Autumn smells so very delicious, sometimes unexpectedly so. Aside from the nostalgia, the nose-tickling bouquet of fallen leaves and the heady spice of marigolds and mums, you might sniff out yummy, licorice-smelling lavender hyssop leaves, carrot-scented Queen Anne’s lace, the sharp turpentine rush of aster leaves, and the freaky pizza scent of wild bergamot seed heads.


Woolly bear caterpillar

6. Woolly bear caterpillars

You should start to see more of these crawling around as they seek out their winter shelter. Legend has it that the wider the woolly bear caterpillar’s orange-brown middle band, the milder the impending winter. But the woolly bear’s famous prognosticating band is actually an indicator of age: the wider the band, the earlier in the season the woolly bear was hathched. And, as early hatches indicate a warm and early spring, the woolly bear does indeed war the weather in its wool, but it’s last season’s pattern, not the next.


Wood stork

7. Wood stork

Wood storks begin to breed as early as October. They recognize when it’s time to breed based on the drop in temperature of the fresh water that they feed in. As the water gets colder, the amount of fish increases, allowing the wood stork to stock up on nutrients. This in turn signals a time to breed. A cool piece of trivia regarding the wood stork – the only stork native to North America – is that it finds its food by touch, or tacto-location. When a fish brushes against its highly sensitive beak, the beak snaps shut in about 25 milliseconds, one of the fastest reflexes known in the animal kingdom.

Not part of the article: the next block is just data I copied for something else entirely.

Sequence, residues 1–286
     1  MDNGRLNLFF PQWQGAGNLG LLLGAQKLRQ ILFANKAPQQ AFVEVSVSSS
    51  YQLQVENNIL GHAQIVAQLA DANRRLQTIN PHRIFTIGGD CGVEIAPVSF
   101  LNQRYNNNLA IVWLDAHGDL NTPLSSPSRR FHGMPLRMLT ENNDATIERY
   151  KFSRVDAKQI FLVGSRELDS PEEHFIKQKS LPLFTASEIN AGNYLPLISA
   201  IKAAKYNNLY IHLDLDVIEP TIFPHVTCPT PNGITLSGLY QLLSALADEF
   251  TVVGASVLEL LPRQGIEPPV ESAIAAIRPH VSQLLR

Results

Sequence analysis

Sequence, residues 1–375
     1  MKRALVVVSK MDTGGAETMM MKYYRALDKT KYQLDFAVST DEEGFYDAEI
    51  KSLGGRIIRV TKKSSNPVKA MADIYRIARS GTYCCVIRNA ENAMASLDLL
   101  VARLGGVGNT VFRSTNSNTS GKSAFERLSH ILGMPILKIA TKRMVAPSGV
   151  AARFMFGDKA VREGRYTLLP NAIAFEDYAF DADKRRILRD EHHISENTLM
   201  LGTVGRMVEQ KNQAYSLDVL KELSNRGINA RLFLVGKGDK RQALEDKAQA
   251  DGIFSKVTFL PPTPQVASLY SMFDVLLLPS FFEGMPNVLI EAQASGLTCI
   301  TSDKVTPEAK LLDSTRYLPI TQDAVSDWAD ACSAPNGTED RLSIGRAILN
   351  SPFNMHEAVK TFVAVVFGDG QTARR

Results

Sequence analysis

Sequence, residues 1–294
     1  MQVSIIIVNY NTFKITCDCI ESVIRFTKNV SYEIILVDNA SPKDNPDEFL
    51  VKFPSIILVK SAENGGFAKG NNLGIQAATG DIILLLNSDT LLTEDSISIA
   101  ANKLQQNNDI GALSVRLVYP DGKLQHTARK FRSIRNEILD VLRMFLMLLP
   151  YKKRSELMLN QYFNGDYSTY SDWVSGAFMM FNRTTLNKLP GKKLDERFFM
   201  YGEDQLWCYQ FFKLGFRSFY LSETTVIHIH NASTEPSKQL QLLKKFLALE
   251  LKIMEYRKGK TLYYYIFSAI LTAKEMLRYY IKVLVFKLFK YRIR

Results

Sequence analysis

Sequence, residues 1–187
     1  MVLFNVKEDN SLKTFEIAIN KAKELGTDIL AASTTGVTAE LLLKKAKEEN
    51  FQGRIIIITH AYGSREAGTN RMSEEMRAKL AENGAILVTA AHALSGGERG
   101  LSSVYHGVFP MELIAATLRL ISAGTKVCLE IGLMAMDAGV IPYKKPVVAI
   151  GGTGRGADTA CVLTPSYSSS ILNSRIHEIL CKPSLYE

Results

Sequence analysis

Orb weaver spider web

8. Spiders

Spider webs are everywhere right now, and I mean EVERYWHERE. (I’m not talking about those houses that use fake webs as Halloween decorations, either.) And the spiders who are responsible for those webs aren’t far behind. Spiders have a crucial, seasonal timetable/deadline. They hatch in spring, and then reproduce and die in the fall. In early summer they keep a low profile (to keep from getting eaten), but around this time of year the survivors are now big enough to start spinning their webs. They’re in a hurry, too, because females need to get those eggs laid before they die. Remember Charlotte’s Web?